All those hours you spend on Facebook may seem free of charge. But you're essentially paying for it in the currency of your personal information.
That’s because your data is virtually invaluable to advertisers. When it comes to finding a market and fine-tuning a product, the personal information we all put into Facebook is a gold mine. For a price, Facebook uses this information to help marketers target ads to specific groups of people who might be interested.
Unfortunately, not many people realize this as it's so deeply hidden in Facebook's website.
ProPublica has created a Google Chrome extension that allows users to see just how much information Facebook have on you. It’s part of their ongoing series that hopes to give online users a glimpse into the algorithms and data pools which understand, optimize, and monetize your information.
The extension allows you rate the data for accuracy and send ProPublica feedback on how “creepy” you feel it is. But don’t fear, they have said they won’t collect any “identifying details” about you and no information with be shared with third parties.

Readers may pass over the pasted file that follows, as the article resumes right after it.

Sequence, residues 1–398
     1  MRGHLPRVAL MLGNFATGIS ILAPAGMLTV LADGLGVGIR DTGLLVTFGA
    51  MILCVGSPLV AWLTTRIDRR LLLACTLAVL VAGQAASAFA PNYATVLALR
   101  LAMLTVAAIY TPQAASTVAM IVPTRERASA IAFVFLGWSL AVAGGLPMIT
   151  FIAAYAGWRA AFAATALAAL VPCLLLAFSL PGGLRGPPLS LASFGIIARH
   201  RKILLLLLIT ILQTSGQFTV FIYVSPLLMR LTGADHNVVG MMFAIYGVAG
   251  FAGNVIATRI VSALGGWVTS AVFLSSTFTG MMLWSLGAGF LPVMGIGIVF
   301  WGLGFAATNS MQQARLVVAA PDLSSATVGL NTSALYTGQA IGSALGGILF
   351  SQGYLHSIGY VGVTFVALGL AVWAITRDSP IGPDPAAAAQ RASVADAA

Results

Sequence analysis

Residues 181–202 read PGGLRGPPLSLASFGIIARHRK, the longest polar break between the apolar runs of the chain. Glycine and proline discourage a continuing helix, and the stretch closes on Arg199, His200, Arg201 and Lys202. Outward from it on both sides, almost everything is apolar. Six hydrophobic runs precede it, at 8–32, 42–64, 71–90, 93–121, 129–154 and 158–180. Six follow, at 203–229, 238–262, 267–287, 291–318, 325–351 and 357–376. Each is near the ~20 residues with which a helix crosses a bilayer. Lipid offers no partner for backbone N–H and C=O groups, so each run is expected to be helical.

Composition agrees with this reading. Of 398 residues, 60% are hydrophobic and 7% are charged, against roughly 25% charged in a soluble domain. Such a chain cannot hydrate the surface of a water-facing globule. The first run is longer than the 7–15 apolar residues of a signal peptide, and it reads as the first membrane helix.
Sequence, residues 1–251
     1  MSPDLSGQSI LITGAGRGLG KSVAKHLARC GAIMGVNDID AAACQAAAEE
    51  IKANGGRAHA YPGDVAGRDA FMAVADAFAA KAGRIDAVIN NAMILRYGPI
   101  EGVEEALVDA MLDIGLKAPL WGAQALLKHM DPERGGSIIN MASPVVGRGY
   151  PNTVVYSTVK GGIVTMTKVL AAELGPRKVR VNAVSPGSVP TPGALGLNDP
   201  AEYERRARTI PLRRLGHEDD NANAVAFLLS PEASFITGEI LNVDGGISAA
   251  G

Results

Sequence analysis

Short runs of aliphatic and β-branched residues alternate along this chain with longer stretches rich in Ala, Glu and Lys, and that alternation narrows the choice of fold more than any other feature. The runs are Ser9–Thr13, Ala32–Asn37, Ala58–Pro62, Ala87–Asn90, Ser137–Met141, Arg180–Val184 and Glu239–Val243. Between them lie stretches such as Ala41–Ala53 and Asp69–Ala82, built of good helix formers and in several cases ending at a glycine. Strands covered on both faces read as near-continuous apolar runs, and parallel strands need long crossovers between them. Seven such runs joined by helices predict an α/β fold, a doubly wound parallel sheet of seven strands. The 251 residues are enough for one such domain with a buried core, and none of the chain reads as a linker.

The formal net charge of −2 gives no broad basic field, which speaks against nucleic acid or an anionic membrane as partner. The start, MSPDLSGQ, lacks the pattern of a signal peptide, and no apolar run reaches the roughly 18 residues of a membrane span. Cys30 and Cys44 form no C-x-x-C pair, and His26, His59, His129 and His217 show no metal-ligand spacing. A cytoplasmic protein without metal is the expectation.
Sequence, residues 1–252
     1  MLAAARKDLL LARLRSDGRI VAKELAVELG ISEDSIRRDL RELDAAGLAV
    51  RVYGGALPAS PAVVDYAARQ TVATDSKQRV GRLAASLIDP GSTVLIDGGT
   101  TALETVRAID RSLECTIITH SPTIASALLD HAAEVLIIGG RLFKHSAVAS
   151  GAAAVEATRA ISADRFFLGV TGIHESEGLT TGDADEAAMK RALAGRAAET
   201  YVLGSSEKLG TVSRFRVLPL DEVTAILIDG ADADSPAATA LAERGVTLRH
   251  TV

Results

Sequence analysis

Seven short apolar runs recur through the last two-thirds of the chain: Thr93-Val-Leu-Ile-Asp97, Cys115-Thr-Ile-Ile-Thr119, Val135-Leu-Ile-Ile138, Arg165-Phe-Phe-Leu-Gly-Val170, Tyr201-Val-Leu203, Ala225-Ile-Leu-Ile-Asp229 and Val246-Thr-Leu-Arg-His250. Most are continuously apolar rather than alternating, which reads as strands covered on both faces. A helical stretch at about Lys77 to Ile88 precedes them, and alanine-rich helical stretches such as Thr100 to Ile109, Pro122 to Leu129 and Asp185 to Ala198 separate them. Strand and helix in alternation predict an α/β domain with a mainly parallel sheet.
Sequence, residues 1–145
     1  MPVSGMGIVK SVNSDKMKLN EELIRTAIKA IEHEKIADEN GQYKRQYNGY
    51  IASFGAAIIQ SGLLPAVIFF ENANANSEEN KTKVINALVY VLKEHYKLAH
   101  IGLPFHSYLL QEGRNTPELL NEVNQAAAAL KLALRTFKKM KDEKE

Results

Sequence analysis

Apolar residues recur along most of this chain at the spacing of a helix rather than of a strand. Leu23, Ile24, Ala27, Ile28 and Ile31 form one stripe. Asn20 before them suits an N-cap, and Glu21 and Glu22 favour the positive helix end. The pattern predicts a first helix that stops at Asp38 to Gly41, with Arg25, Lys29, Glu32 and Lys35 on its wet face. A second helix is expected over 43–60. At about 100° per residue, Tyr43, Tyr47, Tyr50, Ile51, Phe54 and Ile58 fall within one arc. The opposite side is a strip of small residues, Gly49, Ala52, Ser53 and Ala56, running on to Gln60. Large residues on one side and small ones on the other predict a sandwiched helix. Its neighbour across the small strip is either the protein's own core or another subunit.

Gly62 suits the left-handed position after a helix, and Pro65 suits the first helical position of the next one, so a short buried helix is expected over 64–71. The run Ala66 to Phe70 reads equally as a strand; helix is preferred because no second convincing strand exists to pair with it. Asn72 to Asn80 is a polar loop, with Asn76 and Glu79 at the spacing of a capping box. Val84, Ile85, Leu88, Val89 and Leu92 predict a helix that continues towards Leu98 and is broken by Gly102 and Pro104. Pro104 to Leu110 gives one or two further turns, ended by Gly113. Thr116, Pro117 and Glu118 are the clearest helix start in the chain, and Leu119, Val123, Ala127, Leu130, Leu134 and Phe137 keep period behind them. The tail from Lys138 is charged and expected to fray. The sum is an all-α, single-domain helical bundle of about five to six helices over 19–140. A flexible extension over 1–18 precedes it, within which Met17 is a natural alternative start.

You can download it for free in the Chrome Web Store. Alternatively, you can see what Facebook knows about you yourself by going to facebook.com/ads/preferences.
Through finding your ad preferences, you can see which themes and ideas Facebooks believes you might like and hence are likely to be seeing adverts for in the near future. Depending on what kind of pages, functions, or people you interact with, algorithms are able to work what types of things you're into, such as your taste in music, if you're a sports fan, and so on. Data on other partnering apps, such as Instagram and WhatsApp, are also linked into Facebook’s pool data.
Last month, the New York Times reported that Facebook even ties you down to a political leaning. If you're in the US, you can reportedly find out yours by the “Lifestyle and Culture” tab under the “Interests” header. Find the box called “US Politics”, and it will then describe you either as liberal, moderate, or conservative.
Head over to ProPublica for information on their series about data security and transparency.